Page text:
Macquarie University researchers awarded funding to improve older Australians’ mental health

22 August 2018

The Centre for Emotional Health at Macquarie University has been awarded $1.8 million in funding from the National Health and Medical Research Council (NHMRC) and beyondblue for two innovative projects to improve treatment for older adults with depression and anxiety.

Associate Professor Viviana Wuthrich will lead a project in conjunction with UNSW, VU University Amsterdam and Western NSW Local Health District to trial internet or phone-based therapy options for older adults who may not require or be able to access a more intensive face-to-face mental health treatment program.

This is the first time a ‘stepped’ approach has been trialled in Australia for treating older adults with depression or anxiety.

Associate Professor Wuthrich said the project has the potential to lead to a more efficient and effective approach to mental health treatment. The four-year trial will take place in five locations in Sydney and the western NSW local health district (Dubbo, Bathurst, Orange).

“We estimate that about half the people with depression and anxiety will benefit greatly from a lower intensity treatment program, and it means older people who need treatment will be able to access it much more quickly and easily, particularly those living in regional or rural areas.”

A second project led by Distinguished Professor Ron Rapee and Associate Professor Wuthrich will trial a combination of cognitive-behavioural therapy and social engagement activities on mental health outcomes for older adults. This project is being run in conjunction with researchers from UNSW and USyd.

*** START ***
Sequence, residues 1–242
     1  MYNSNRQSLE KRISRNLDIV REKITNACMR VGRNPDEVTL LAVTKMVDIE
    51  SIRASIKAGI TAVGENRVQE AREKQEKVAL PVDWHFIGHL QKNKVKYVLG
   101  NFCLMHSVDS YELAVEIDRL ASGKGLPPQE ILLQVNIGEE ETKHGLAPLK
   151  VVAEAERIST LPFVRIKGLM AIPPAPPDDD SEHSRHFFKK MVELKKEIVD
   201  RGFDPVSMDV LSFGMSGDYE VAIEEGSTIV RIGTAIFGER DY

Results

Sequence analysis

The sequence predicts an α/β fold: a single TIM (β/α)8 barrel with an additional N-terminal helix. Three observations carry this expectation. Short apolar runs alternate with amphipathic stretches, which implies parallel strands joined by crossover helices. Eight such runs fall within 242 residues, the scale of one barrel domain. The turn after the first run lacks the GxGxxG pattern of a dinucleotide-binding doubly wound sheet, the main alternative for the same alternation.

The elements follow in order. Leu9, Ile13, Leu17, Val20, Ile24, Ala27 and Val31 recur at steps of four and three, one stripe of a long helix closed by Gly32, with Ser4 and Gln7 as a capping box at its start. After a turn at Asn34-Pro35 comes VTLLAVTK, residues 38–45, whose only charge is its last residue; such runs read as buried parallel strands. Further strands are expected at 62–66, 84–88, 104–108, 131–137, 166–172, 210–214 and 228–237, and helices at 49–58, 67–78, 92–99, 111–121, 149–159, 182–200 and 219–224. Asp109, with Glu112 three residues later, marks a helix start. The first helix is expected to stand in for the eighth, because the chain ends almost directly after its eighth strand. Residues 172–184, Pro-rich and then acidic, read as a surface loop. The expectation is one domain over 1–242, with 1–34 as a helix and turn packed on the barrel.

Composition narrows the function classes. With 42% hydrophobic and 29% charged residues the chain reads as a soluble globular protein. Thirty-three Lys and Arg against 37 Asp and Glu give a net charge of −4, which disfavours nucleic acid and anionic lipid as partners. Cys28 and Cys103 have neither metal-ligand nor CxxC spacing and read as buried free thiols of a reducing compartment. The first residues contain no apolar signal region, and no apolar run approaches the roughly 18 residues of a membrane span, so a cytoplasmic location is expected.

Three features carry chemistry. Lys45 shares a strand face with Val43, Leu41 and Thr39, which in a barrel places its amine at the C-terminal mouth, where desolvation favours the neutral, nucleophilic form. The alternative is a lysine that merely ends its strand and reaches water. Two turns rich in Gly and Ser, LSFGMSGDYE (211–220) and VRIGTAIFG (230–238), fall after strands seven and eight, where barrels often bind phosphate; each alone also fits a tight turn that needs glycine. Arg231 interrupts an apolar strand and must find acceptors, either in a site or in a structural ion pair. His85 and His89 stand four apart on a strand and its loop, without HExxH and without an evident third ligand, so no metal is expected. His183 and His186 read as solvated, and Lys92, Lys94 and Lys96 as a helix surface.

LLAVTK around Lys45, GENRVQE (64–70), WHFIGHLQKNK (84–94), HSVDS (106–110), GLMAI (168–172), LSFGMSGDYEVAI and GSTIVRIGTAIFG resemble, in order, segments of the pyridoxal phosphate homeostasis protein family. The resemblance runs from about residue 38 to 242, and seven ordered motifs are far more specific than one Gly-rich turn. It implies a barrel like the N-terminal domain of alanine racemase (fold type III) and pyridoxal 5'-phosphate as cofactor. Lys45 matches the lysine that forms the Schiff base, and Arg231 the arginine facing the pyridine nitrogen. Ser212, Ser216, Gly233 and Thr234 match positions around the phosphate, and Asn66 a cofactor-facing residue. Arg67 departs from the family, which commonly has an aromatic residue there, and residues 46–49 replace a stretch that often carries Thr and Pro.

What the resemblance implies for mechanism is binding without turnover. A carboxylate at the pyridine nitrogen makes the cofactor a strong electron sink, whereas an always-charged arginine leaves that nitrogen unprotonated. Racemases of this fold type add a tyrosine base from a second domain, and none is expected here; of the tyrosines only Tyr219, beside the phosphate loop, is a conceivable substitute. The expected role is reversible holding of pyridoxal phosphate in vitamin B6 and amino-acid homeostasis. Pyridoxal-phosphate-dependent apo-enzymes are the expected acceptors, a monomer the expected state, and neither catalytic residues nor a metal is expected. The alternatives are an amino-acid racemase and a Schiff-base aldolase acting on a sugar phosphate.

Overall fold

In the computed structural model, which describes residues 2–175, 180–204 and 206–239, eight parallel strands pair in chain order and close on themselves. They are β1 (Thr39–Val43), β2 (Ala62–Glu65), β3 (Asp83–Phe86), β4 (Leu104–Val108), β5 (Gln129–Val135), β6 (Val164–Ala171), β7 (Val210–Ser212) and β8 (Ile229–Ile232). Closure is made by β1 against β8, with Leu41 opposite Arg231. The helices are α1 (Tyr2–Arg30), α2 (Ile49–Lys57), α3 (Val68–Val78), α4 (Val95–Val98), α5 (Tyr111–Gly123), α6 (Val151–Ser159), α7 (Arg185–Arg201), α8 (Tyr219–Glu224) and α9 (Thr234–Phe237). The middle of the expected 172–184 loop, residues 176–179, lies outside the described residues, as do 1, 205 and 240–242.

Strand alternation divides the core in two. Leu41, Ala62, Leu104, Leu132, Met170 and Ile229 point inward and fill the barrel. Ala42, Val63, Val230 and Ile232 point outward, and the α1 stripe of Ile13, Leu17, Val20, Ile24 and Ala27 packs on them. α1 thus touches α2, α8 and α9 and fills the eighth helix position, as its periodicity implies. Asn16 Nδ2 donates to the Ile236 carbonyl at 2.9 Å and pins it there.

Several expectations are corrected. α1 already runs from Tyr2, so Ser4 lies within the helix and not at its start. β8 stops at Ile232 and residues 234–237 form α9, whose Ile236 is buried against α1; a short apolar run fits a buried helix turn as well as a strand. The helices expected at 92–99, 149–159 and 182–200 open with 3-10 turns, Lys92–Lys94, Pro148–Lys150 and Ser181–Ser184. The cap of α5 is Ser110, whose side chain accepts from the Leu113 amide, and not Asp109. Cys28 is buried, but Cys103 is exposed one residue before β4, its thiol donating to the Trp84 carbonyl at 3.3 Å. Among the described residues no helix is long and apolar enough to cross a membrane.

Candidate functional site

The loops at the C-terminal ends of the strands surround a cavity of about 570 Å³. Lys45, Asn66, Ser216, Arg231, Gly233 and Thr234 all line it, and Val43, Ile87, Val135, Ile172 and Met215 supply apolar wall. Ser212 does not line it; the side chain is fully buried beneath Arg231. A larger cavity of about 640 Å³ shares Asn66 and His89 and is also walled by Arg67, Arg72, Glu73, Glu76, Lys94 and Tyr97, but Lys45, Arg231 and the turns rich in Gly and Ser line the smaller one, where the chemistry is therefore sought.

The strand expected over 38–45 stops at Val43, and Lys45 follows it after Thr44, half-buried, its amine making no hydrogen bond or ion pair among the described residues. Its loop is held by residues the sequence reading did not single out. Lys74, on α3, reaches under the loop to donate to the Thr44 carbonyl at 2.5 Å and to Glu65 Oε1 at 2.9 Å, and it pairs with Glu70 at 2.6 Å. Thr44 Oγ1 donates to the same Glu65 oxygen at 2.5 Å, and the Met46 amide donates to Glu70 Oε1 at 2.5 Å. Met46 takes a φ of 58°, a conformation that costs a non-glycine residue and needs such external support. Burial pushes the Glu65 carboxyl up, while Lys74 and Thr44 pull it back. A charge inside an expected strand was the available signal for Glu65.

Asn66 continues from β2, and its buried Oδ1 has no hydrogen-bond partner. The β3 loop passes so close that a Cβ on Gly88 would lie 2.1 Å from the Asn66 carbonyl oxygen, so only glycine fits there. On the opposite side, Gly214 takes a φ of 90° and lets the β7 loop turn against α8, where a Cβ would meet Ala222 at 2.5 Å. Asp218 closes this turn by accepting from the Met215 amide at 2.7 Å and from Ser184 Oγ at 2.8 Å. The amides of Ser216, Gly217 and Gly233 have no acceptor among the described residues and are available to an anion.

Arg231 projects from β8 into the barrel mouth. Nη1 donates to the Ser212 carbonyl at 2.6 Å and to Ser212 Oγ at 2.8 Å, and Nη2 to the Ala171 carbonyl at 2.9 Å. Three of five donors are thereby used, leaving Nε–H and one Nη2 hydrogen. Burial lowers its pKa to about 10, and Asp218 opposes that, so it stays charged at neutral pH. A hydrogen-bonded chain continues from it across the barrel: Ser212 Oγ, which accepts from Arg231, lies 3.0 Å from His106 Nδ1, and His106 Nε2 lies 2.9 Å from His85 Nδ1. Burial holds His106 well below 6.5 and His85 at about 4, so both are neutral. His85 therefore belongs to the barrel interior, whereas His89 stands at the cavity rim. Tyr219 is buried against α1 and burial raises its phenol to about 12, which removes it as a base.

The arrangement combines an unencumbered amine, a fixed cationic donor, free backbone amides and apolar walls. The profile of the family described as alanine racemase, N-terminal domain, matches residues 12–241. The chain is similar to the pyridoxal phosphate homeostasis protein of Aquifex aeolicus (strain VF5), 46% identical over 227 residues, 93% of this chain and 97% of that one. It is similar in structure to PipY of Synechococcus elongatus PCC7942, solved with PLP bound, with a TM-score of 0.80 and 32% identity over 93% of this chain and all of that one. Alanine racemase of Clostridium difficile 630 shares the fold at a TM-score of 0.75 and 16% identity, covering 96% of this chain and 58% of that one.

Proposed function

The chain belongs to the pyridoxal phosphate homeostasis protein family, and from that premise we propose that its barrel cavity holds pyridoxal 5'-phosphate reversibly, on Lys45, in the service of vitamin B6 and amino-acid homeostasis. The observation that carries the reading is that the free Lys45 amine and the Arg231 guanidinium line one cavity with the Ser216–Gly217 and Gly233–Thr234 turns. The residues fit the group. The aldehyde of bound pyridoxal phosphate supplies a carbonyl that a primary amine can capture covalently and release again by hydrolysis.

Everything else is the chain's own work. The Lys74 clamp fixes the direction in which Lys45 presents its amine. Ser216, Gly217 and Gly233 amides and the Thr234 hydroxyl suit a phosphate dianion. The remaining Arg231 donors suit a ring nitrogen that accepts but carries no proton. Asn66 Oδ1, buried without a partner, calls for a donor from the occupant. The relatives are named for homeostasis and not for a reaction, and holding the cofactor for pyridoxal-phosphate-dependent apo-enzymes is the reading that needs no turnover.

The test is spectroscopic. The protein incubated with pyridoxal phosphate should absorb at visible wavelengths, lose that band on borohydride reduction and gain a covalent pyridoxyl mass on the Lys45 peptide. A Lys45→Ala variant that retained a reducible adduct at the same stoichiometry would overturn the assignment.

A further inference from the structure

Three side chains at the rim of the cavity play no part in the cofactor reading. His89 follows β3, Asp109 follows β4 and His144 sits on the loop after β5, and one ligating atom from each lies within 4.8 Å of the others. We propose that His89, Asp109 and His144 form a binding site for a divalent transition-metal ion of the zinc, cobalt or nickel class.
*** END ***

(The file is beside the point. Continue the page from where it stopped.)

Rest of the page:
“This is an exciting new direction to potentially compound the benefits of traditional mental health treatment,” said Associate Professor Wuthrich.

“Loneliness has strong negative health impacts, and social interaction is vital for good mental health and brain functioning throughout the lifespan.

“Older adults are such an asset to their communities, so increasing their social participation benefits both the individuals and the community.”

In announcing the research grants, Minister for Health Greg Hunt said older people are particularly vulnerable to developing mental health conditions such as depression and anxiety, and that’s exacerbated by declining physical health, chronic pain, loneliness, grief and loss of independence.

“10 to 15 per cent of older adults in Australia experience depression, but for people living in residential aged the rate is much higher – around 30 per cent,” Minister Hunt said.

“The highest suicide rate among men remains in the 85-and-over age bracket. These research projects will save lives.”

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